- A three-judge panel seemed highly skeptical of how Medicaid work requirements in Arkansas and Kentucky actually further the objective of the health insurance program for those with low incomes.
- During oral arguments on Friday, the D.C. Circuit Court of Appeals judges questioned how the work requirements promote coverage gains. Judge Harry Edwards said the Trump administration has not explained the reasons behind the coverage losses: "You haven’t addressed it and you haven’t accounted for it."
- Critics of work requirements seemed pleased following Friday's hearing given the line of questioning by the judges.
President Donald's Trump administration has so far approved the imposition of work requirements in nine states. In exchange for maintaining health insurance coverage, Medicaid beneficiaries must work or engage in some other activity such as volunteering or training.
Critics have blasted the administration for altering the program in this way, saying it will lead to a loss of coverage.
In Arkansas, nearly 17,000 people lost coverage in the first few months due to barriers in reporting work hours, according to a report from Georgetown University Health Policy Institute.
The judges on Friday seemed to take issue with the loss of coverage, which some suggested seemed to be in conflict with the main aim of the Medicaid program.
Edwards, appointed by former President Jimmy Carter, referenced a lower court's ruling that struck down the work requirements in Arkansas, calling the decision very thoughtful and thorough. He asked the administration why its believes the lower court decision is wrong, noting the loss of coverage.
"You’re not addressing the effects of the program on coverage," Edwards said. "The effects on coverage are not hypothetical."
The administration blamed the rollout for those losses in Arkansas. The administration also seemed to argue that these work requirements would ultimately lead to members to transition into commercial coverage on Affordable Care Act exchanges a benefit to the Medicaid program as it would free up more resources for the program as a whole.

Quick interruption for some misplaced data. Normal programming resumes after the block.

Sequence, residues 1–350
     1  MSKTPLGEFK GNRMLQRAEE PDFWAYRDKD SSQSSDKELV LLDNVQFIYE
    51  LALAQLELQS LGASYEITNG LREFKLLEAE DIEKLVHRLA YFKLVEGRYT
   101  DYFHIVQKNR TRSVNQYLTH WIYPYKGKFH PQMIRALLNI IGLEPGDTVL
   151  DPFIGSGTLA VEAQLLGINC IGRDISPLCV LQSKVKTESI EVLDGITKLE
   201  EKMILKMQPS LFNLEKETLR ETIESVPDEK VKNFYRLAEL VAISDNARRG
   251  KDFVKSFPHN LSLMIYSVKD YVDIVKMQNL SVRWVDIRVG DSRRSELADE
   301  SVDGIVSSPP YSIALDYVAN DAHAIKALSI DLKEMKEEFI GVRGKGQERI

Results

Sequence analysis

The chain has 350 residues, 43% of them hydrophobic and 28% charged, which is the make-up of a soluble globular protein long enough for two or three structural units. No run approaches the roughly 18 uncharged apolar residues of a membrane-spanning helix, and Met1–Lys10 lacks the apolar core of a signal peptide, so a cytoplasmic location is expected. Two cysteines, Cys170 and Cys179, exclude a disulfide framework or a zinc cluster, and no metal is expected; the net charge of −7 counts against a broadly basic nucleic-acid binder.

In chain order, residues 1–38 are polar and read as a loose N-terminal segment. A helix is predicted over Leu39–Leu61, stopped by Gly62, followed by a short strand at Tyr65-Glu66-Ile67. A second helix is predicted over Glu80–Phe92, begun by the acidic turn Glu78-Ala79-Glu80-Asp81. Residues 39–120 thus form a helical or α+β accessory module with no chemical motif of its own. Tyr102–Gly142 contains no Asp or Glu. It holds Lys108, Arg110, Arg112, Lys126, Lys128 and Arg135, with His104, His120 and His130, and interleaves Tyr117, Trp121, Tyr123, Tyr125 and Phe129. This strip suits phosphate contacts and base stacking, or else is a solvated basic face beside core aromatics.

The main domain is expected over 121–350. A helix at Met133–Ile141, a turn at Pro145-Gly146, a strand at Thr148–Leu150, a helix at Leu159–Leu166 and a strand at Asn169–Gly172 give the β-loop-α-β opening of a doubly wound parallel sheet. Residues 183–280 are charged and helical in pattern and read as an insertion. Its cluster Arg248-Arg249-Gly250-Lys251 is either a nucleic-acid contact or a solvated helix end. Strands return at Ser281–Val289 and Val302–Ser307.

"Where is the evidence that this kind of stick is even plausibly going to cause that effect?," asked Judge Cornelia T.L. Pillard, appointed under former President Barack Obama.
Edwards seemed frustrated by the lack of answers.
"You haven't addressed coverage in anyway that judges, at least, can digest what you've said and be satisfied that this is reasoned decision making," he said. "You're talking about hypotheses that are kind of up in the sky."
"You're looking to objectives that are not in the statute and you're failing to address, as he said, the critical statutory objective — bottom line. And Judge Pillard just asked you again and you haven't been able to answer it."
The lawsuits were brought by enrollees in the two states' programs. Both Arkansas' and Kentucky's work requirements were struck down in a lower court.
As the administration continues to push for work requirements, a government report showed it's costly to implement them. It has cost taxpayers nearly $408 million to execute the program in five states.
The report raised serious questions about whether the programs were actually budget neutral given the fact that these administrative costs are not presented to federal regulators to consider before approving Medicaid work requirements. The Government Accountability Office called for more oversight of these costs.